As we move to Stay Safe MN, let’s keep each other safe and healthy.

Last week, Gov. Tim Walz made another step in returning our community to regular operations. We will likely see some differences based on what we have learned about COVID-19 and what we still do not know. It will be important that we all continue to follow basic practices to keep ourselves, our families and our communities safe and do what we each have the power to do to avoid spreading this deadly disease.

As health and human services professionals, we have been watching and learning about COVID-19 since reports first emerged in late 2019 and early 2020. We have worked diligently together and with other partners to prepare our community for the impacts of this disease. And while we have flattened the curve so that our supplies were not depleted and our facilities were not overwhelmed, we have not seen the last of COVID-19. In fact, as has been reported by the Minnesota Department of Health and in the media, the rate of infection is increasing in our community. Now that we are moving to resume some activities of normal life, it is important to be mindful that COVID-19 is still in our community and it is up to everyone to keep us all safe and healthy.

We applaud the many places of business, organizations and individuals who have adapted to this new reality and adopted new practices. Hand washing, maintaining appropriate distance from others and wearing a mask when you are in public are proven ways to reduce the spread. Even under ideal circumstances, this highly infectious disease will move from one person to another. That is why it is important that if you do experience any of the symptoms, you should call your health care provider and ask for a COVID-19 diagnostic test. Even if the test is negative, if you do not feel well, stay home and limit your interactions with others until you feel better.

When patients are diagnosed with COVID-19, they are required to self-isolate until the infection is cleared, often for at least two weeks. Self-isolation is not always easy and our public health departments are able to help with essential services where needed. Fortunately, the majority of people who do become infected with COVID-19 are able to recover at home and do not need to go to the hospital.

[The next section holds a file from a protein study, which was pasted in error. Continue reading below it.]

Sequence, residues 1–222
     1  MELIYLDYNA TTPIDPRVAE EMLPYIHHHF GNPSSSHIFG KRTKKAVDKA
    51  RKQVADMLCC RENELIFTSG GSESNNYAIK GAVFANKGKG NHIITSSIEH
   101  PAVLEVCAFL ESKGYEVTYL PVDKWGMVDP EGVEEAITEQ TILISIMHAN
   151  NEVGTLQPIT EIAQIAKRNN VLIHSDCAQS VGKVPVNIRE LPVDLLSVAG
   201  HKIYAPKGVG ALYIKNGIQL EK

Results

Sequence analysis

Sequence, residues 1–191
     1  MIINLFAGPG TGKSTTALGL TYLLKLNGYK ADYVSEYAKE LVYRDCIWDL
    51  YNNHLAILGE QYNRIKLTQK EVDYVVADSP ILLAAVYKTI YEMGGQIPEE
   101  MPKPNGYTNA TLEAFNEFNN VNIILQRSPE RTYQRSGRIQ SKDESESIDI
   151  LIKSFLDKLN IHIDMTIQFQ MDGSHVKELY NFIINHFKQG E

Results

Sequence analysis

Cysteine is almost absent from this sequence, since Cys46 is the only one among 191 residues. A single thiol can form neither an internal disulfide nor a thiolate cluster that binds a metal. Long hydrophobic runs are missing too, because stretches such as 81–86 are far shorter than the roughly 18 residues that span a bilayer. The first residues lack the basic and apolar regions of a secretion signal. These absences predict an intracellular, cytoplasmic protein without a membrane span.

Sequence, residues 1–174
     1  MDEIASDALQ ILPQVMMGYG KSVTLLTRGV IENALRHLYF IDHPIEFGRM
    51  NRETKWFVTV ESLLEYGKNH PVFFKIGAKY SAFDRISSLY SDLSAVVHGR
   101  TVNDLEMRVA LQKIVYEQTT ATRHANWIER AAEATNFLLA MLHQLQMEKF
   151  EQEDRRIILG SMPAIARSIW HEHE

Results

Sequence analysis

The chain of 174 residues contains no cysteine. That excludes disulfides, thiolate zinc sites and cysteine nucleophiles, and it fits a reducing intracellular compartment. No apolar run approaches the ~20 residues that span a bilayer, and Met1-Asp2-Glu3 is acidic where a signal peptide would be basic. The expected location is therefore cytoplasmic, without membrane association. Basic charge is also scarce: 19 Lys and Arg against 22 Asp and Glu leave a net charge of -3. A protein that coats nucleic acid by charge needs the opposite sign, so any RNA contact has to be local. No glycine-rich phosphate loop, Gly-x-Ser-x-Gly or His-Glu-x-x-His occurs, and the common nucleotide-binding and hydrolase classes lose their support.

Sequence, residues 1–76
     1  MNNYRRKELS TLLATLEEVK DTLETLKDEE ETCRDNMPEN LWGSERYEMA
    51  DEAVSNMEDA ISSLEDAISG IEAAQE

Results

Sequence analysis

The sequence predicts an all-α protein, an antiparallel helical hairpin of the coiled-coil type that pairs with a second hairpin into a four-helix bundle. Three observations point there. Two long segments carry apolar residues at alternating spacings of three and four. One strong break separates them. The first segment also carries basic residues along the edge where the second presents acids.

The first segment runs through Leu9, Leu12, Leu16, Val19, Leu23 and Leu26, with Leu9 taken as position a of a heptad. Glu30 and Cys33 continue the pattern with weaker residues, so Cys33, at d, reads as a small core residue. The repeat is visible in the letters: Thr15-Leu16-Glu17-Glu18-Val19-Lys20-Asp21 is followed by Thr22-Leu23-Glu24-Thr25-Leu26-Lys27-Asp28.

We look forward to life resuming in ways we can all enjoy. The most important thing to understand is that we all do better when we all do our part. Thank you for being considerate and practicing these simple ways to keep our community healthy and strong.

Please practice the following in order to help reduce the spread of COVID-19 in our communities:

• Wear a mask in public: I wear a mask to protect you. You wear a mask to protect me.

• Keep your physical distance: Six feet or about two arms’ lengths apart from other people.

• Wash your hands with soap: simple and effective.

• Stay home if you do not feel well.

• Get a test if you have COVID symptoms. Call your local healthcare provider to schedule a test.

• Self-isolate if you have been around someone who is sick or tested positive.

• If you can’t go to work, talk to your employer.

• If you have been instructed to stay in isolation or quarantine due to COVID, and you need help with essential services to help you be able to stay at home, call your local public health department.

There are many resources for employers, workers, and communities, including resources in different languages, to provide you with additional education and information about COVID-19:

• Steele County Public Health:

• Rice County Public Health:

• Rice County Public Health Facebook —

• Centers for Disease Control and Prevention

• Minnesota Department of Health

• Mayo Clinic Health System COVID-19 website, Mayo Clinic Health System Hometown Health blog, Mayo Clinic News Network, Mayo Clinic Health System Facebook and Allina Health resource page —

Stay safe MN. Stay safe right here in our communities.

Amy Caron is the Dodge-Steele CHS Administrator, Dodge and Steele Counties Public Health Director. Deb Purfeerst, Rice County Public Health Director and David Albrecht is the President of District One and Owatonna Hospitals. Brian Bunkers, M.D., CEO, Mayo Clinic Health System Owatonna and Faribault.

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